Dutch Birding jaargang 24 nummer 6, 2002


Siberian Blue Robin  ·  Larvivora cyane
Bas van den Boogaard

Artikelen / papers

325 - 349 Rare birds in the Netherlands in 2001
Roland E van der Vliet, Jan van der Laan & CDNA
350 - 357 Herring, Yellow-legged and Pontic Gulls wintering in inland Poland
Marcin Faber & Grzegorz Neubauer

Zilvermeeuw, Geelpootmeeuw en Pontische Meeuw overwinterend in Pools binnenland

In dit artikel worden de resultaten gepubliceerd en geanalyseerd van onderzoek in de winter van 2000/01 naar de aanwezigheid van Zilvermeeuw Larus argentatus, Geelpootmeeuw L michahellis en Pontische Meeuw L cachinnans cachinnans op vier locaties (aangevuld met gegevens van twee andere locaties) in het binnenland van Polen. In tabel 1 en figuur 1 (kaart) worden de telresultaten gepresenteerd. De belangrijkste conclusie is dat in de noordelijke locaties Zilvermeeuw veel algemener is dan Pontische Meeuw; in de zuidelijke locaties is dat omgekeerd. In tabel 2 wordt een overzicht gegeven van ringaflezingen tijdens de onderzoeksperiode (twee van Geelpootmeeuw, acht van Pontische Meeuw). In figuur 2 wordt informatie gegeven over de leeftijdsverdeling; adulte vogels zijn het meest algemeen, gevolgd door eerste-winter vogels. In figuur 3-4 wordt verduidelijkt dat het aantal en aandeel Pontische Meeuwen afneemt naarmate de locatie meer noordelijk is en toeneemt naarmate de locatie meer oostelijk is. De toename van overwinterende Pontische Meeuwen kan worden verklaard door de toename van vogels die vanuit zuidelijker streken de grote rivieren noordwaarts volgen en door dispersie van vogels van de recent in het zuiden van Polen gevestigde broedkolonies.

Marcin Faber, Przybosia 5, 91-170 Lodz, Poland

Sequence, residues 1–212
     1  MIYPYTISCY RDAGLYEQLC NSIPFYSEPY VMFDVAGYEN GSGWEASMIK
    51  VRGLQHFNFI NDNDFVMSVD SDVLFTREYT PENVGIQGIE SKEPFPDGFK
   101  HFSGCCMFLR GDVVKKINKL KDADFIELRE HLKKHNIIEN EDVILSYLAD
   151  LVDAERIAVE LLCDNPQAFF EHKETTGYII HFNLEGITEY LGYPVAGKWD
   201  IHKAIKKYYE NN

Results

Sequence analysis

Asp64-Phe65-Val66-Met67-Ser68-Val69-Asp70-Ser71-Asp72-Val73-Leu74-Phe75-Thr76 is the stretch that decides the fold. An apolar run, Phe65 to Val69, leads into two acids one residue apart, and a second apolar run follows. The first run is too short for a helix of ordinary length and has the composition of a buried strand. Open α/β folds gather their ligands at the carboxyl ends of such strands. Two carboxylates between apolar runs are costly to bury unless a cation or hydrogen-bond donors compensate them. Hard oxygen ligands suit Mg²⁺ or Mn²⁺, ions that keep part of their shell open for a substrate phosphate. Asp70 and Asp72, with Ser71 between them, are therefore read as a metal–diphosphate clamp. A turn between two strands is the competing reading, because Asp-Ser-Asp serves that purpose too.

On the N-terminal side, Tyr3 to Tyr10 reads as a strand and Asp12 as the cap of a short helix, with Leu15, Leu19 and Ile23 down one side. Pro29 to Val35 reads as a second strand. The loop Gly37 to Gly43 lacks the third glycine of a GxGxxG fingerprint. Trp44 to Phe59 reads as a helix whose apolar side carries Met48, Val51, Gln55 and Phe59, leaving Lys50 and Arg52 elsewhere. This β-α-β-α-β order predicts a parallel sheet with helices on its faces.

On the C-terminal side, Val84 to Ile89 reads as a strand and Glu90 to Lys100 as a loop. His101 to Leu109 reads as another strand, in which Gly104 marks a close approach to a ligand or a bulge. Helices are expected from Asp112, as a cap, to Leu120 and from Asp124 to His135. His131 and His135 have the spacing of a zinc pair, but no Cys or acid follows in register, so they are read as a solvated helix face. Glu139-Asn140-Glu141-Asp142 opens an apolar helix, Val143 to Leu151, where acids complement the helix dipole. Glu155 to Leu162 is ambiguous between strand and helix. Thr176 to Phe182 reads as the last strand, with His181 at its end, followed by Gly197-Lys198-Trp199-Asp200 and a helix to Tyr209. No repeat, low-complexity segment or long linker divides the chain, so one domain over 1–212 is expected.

Grzegorz Neubauer, Department of Vertebrate Zoology, Nicolas Copernicus University, Gagarina 9, 87-100 Torun, Poland

358 - 359 Arctic Tern in Kenya in July 2002
Jan Bisschop

On 6 July 2002 at c 14:00, Jan Bisschop and Arnout Linckens visited a large tern Sterna roost on the beach near the Sabaki river mouth on the coast of Kenya. The group of several 100s of terns consisted of Greater Crested S bergii, Lesser Crested S bengalensis, Roseate S dougallii and Common Terns S hirundo, two African Skimmers Rynchops flavirostris and a single tern that was initially identified as an adult White-cheeked Tern S repressa in breeding plumage. It was noticed that this presumed White-cheeked Tern showed a completely red bill, not a feature of this species (which should show a red bill with an extensive dark tip or even a mostly dark bill). However, with many other interesting bird species around and the knowledge that White-cheeked Tern is not an uncommon visitor to the Sabaki river mouth, not much attention was paid to this bird. The tern was photographed by JB, more or less unintentionally, because it was standing next to an attractive African Skimmer. When the tern flew off to the sea, two photographs of the bird in flight were taken. While studying the slides of the presumed White-cheeked Tern back at home, it became clear that the tern did not only have a completely red bill but also a white rump, another feature that does not fit White-cheeked Tern. The tern was subsequently identified as Arctic Tern S paradisaea, a new species for Kenya (cf EANHS 1996).